We — like the twelve Disciples — are "in training" as we fellow Christ in His Church. Our ultimate objective is "deification" or the restoration, by God's grace, of the image and likeness of God in us. Orthodoxy holds as true the idea that we are to cooperate our whole lives with God in achieving this objective. There are many proper ways to be doing this, of which a lending library is just one — but it is one! Christ read and we imitate Him.
Next we should consider what guidelines will best describe the functioning of a library which will best serve this general discipleship objective. To do this we may review our second proposition.
This KISSS device is a way to keep the parish lending library on the right track "forever" as it faces many unpredictable situations.
Small means you need not have much space and often no available "extra room with 4 walls." Small means that you can start and maintain a really good library with 150-200 paperback Orthodox books in an attractive lockable cabinet sitting on a sturdy dolly with castors (both available at your office supply store). When the floor must be waxed or space needed desperately for a parish festival, no problem. The library is simply rolled off into a corner until the excitement dies down. To expand just buy a second cabinet.
If you are a mission in rented space having to set up each Sunday, you too could have a lending library. Aim for 50 paperbacks in a small foot locker carried in for the fellowship hour after Divine Liturgy on Sunday. The point is that every parish/mission needs a Library; do not let fantasies of what a library "should be" keep you from doing what you can do given your present facilities.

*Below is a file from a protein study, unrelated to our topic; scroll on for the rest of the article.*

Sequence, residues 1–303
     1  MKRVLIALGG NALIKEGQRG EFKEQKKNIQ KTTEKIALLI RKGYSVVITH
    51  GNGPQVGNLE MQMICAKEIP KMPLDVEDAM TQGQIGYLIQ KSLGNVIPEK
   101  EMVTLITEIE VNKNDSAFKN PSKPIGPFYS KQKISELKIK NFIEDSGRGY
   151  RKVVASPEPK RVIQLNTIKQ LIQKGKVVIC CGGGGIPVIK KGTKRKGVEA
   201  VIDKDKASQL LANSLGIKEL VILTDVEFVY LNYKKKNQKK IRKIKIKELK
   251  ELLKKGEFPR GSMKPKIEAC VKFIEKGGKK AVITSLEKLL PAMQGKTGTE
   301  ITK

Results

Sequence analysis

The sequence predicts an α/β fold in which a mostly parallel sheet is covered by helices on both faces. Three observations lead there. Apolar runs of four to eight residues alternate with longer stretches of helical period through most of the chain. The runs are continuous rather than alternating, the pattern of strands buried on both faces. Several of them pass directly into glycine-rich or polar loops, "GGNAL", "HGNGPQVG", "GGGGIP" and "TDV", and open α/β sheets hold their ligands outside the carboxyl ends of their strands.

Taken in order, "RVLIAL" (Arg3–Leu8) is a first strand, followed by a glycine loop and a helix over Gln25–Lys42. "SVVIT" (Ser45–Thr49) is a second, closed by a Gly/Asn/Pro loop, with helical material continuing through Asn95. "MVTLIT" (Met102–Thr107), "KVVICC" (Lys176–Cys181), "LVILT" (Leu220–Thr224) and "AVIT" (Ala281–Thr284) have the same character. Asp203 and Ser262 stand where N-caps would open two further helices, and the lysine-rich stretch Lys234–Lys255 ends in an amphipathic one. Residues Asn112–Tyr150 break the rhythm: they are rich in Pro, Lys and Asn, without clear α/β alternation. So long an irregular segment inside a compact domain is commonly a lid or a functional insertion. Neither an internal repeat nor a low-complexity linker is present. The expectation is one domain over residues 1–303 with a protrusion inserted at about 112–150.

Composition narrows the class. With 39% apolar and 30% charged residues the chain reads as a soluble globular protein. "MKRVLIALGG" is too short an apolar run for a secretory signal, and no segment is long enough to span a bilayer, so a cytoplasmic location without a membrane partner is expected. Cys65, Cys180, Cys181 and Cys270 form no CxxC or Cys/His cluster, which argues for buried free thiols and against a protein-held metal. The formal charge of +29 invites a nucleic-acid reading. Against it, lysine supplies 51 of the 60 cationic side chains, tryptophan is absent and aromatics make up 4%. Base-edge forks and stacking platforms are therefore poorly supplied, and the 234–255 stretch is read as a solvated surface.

But, right from the beginning, you need self-imposed size limits for your library. You must control collection growth because you library can easily get out of hand over time and become too big for the other competing, legitimate needs for space. A mission renting space for Sundays with 25 households and a "movable footlocker library" should hold the size down to 50-75 items. The mission with 50 households and its own space for a "rolling cabinet" should hold the collection to about 150-200 items. The small-to-medium parish with 100-200 households may have 5 cabinets and 500-750 items. Even large parishes should have clear limits. Think small for success!
No effective parish lending library is ever merely a warehouse for books. You want a library with a relatively small collection that is really being used (10-15% should be out on loan at all times.) Weekly ads in the Sunday bulletin, posters promoting reading, and personal persuasion of members of the congregation will help keep circulation high. A huge collection with 1% in circulation is a net waste of resources. And, if you get too big, you can become intimidating.
Another reason for a small lending library is so it can be deliberately placed "in the way" of the parishioners. The best place is often near the coffee pots where the people gather for fellowship. A small library (relative to your parish size) with good Orthodox books actually being lent and read is the ideal!
Simplicity is possible for you, whereas it would be an absolute disaster for the larger, multi-disciplinary library. You have no need for a complex book classification system when your library is essentially about one discipline called "Orthodoxy." You can have virtually all your books in alphabetical order on the shelves by the first important word (skipping a, an, and the) in the spine title. However, books for youth and children are often better held in their own section and organized by shelves for the different ages/grades.